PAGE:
A student involved in the protest movement against “Silent Sam,” the Confederate statue on the campus of UNC-Chapel Hill, defaced the monument at a protest Monday.
Maya Little has taken her protest of the statue from the administration to the UNC Board of Governors. On Monday, she said she’d had enough.
Little, a doctoral student in UNC’s History department, smeared the statue with what appeared to be red paint in a protest streamed live on Facebook.
Little was arrested and charged with defacing, striking, marking or injuring a public statue, according to the Orange County Magistrate’s Office.
She was released on a promise to appear in court. Her first court appearance will be on Monday, May 7 at 9 a.m.
Anticipating her arrest for what she called an act of civil disobedience, released a written statement Monday afternoon. That statement appears below in its entirety.
“I have been an organizer for the Silent Sam Sit-In since September 2017, when campus police confiscated the belongings of the 24 hour occupiers. Every weekday we provide context around the statue. This is an opportunity to teach. It is also our duty to continue the struggle against white supremacy that countless others have led since black students have been on this campus. The statue, a symbol of UNC’s commitment to white supremacy, has been defaced and protested since 1968. Yet the statue remains on campus 50 years later. These last 5 years Carol Folt has been chancellor and she has not taken a single step towards removing Silent Sam. The armed, Confederate soldier dedicated and built by racists during Jim Crow has remained. However, the dedication and courage of each successive group of students fighting for racial equality at UNC has made our message louder and clearer. The threat of Neonazis and white supremacists marching on our communities has made it more urgent.
Chancellor Folt and the administrators are more dedicated to silencing us. In her first two years, there was no state law against removing the statue. She has heard countless activists tell her the statue’s presence dehumanizes and threatens people of color. The governor has written an open letter asking her to remove the statue. White supremacists have marched around Silent Sam and threatened violence. How has Folt responded?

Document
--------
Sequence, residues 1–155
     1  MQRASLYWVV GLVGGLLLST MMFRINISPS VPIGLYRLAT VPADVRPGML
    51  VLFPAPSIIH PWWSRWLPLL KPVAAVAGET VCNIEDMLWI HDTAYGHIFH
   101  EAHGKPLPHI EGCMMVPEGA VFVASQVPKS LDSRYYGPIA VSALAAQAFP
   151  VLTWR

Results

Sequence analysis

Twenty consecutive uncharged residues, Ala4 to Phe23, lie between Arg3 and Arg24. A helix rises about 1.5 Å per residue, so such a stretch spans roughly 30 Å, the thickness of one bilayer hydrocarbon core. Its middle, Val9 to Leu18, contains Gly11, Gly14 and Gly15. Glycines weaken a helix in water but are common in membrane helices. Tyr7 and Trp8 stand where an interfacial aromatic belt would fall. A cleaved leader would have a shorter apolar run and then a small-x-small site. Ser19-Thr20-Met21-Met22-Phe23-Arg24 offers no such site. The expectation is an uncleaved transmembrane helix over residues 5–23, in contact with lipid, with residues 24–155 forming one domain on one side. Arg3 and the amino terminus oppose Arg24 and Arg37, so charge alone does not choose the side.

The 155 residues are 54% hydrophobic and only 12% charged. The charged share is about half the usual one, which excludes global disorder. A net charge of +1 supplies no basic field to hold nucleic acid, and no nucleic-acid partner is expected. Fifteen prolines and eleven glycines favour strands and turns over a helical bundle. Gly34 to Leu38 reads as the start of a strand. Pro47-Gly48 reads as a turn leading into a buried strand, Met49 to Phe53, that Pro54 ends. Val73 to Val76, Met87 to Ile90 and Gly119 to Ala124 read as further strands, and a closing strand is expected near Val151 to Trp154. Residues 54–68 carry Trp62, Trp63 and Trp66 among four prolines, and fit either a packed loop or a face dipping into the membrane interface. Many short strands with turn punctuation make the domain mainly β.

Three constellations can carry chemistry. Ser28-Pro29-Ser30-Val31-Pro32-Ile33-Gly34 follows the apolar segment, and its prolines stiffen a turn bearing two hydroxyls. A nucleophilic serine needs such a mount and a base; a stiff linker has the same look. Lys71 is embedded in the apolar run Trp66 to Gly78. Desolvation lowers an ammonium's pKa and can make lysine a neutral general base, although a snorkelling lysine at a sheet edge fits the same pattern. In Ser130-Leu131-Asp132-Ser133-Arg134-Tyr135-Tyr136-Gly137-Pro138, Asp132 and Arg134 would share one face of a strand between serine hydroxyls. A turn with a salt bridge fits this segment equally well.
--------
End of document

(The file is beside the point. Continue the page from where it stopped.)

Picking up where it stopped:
She has called us outside agitators. She has refused to call a statue dedicated for and by proud racists, white supremacist. She has never met with members of the Sit In. She has allowed white supremacist groups to invade this campus. She, Derek Kemp, and Jeff McCracken appointed a campus police officer to go undercover, lie about his identity, and gather information on us. According to McCracken, they continue to spend $1,700 dollars per day to protect the statue.
What do you see when you look at this statue, Chancellor? We see the mutilation of black bodies, the degradation of black people, the celebration of an army that fought for our ancestors’ enslavement. I see Julian Carr whipping a black woman. I see your willingness to traumatize, dehumanize, and endanger every black person on this campus. We see our blood and now you will too.
Today I have thrown my blood and red ink on this statue as a part of the continued mission to provide the context that the Chancellor refuses to. Chancellor Folt, if you refuse to remove the statue, then we will continue to contextualize it. Silent Sam is violence; Silent Sam is the genocide of black people; Silent Sam is antithetical to our right to exist. You should see him the way that we do, at the forefront of our campus covered in our blood.
But UNC does not want this context. Chancellor Folt will order Silent Sam to be cleaned immediately.
But she should clean my blood and the ink of Silent Sam, not campus workers. The Chancellor and all who have used their power to keep Silent Sam here must embrace the truth about UNC. UNC is Silent Sam. Chapel Hill is Silent Sam. The statue stands smirking and defiant representing a community that has failed many times to work for justice and racial equality. Chancellor, the blood is on your hands.
Folt cares more about plastering our black faces over the Campaign for Carolina than about our safety, our dignity, our right to exist on this campus. Black community members are harassed by campus police. Black athletes are exploited by this university for the Tar Heel brand. Black faculty are not retained. Black students are forced to live and study in buildings named after people who made their fortunes through the sale of black children.
But we are not silent. The statue will be contextualized to show UNC’s racist past and present. You, Chancellor Folt —and your donors, the students you recruit, the alumni you cater to—will be forced to see it until every facet of white supremacy on this campus has been removed.